The minimum weight increases by three kilograms. Nevertheless, the top teams in particular continue to pursue a policy of raising the limit even further. That would be a real slap in the face for Alfa Romeo.
Formula 1 cars have never been so heavy. At the moment there are 795 kilograms in the regulations. 43 kilograms more than last year. Another three kilograms will be added by the start of the season. Nine out of ten teams voted in favor of this increase. Only Alfa Romeo was against it. For good reason. The C42 is the only car in the field that is under the weight limit and can be ballasted.
Everyone else is between five and 20 kilograms above the new limit. Ironically, the cars of the top teams have apparently put on the most bacon. That's why there were early attempts to persuade the FIA to increase the weight.
The world association generally takes the position that you don't want to rush the teams into an expensive arms race to slim down their cars. But that only applies if everyone is above the minimum weight in a similar window.
An outlier down
If there is an outlier down, as in the current case with Alfa Romeo, the case is more complicated. The FIA does not want to penalize teams that have done a better job with the weight. That's why the rulers only allow the teams an extra three kilograms.
Sauber team boss Frédéric Vasseur can live with that: "The reasons for this increase are understandable. Everyone had to reinforce their floors because of the bouncing, and the wheels are also a kilogram heavier than the prototypes."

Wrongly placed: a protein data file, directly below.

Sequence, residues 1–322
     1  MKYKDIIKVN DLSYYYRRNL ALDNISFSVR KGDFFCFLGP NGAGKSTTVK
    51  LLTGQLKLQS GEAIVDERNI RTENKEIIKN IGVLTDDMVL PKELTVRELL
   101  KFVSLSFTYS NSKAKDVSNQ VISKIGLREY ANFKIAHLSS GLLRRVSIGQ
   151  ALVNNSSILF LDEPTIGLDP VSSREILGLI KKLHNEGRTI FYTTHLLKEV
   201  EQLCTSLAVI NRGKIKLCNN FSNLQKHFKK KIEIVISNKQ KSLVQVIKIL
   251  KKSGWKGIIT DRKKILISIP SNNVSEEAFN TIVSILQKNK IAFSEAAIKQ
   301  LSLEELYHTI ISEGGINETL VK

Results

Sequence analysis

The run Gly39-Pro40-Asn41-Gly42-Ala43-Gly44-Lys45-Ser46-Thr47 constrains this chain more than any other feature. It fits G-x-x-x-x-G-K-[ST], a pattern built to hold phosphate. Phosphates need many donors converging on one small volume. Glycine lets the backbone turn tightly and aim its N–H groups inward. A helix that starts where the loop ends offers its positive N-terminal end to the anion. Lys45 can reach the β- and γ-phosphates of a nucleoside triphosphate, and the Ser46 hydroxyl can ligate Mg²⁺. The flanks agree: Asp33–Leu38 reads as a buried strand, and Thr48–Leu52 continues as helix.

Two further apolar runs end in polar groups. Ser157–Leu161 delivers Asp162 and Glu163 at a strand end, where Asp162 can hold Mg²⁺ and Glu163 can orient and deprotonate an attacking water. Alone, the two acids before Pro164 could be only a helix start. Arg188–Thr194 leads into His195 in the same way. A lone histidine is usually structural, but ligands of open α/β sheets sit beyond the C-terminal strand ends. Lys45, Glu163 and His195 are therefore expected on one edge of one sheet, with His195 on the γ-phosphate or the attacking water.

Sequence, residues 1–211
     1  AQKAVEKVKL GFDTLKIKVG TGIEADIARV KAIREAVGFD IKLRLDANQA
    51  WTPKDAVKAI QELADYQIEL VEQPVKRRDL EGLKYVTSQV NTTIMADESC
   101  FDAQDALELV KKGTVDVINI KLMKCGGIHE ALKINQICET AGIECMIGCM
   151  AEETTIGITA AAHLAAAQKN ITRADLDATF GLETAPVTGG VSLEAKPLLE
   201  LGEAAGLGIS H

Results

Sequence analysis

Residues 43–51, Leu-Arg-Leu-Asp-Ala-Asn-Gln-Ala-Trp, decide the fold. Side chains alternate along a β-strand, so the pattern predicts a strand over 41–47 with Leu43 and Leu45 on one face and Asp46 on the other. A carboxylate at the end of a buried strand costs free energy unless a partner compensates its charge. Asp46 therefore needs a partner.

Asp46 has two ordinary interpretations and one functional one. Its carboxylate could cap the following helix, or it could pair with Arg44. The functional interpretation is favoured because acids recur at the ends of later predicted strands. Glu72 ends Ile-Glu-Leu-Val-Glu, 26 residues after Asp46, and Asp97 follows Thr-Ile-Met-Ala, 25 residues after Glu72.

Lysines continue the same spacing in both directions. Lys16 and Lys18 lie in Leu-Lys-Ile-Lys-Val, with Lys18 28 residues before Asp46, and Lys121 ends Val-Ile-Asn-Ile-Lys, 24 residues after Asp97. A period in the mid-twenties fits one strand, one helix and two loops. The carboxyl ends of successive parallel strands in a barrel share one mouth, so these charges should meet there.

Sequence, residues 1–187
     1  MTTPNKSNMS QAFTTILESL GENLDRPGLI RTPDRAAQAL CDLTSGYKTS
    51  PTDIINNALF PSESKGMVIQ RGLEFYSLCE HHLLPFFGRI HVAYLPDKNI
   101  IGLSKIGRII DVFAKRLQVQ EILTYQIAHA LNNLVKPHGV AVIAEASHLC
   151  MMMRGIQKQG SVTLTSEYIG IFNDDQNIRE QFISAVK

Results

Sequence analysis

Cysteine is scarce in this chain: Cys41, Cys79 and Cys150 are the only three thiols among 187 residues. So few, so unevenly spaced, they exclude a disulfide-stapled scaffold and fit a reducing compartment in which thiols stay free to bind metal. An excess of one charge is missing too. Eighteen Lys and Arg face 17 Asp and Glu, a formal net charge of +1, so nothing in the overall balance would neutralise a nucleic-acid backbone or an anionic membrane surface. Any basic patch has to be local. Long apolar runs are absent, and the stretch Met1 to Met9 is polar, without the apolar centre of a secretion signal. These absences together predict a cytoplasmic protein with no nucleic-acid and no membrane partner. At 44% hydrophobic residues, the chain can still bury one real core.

But the Frenchman would have no understanding for further concessions. "That would be unfair to us." Red Bull in particular advocates raising the minimum weight even more. Mercedes team boss Toto Wolff said on the subject: "We would have preferred five kilograms to three, but we can live with the compromise."
Vasseur is of the opinion: "We invested our money in a clever solution in the rear to save weight. Others may have put it in their aerodynamics. It would be a shame if we were penalized for our way."
Sauber trick with a short car
The paddock radio reports that with the C42, Sauber has built a shorter car than the rest and saves weight in this way. That would also explain why Hinwil is again building the gearbox housing and rear wheel suspension itself this year. This would not have been possible with the architecture that Ferrari is supplying. Head of technology Jan Monchaux disagrees: "I don't think our car is shorter than the others. We're building the transmission and the rear axle ourselves again because it's cheaper for us than buying them from Ferrari."
Sauber boss Vasseur cannot understand the argument of the big teams that he has triggered an expensive arms race. "The nice thing about the budget cap is that everyone is free to decide how they spend their money. The cost limit prevents exactly this arms race. It's the same for everyone."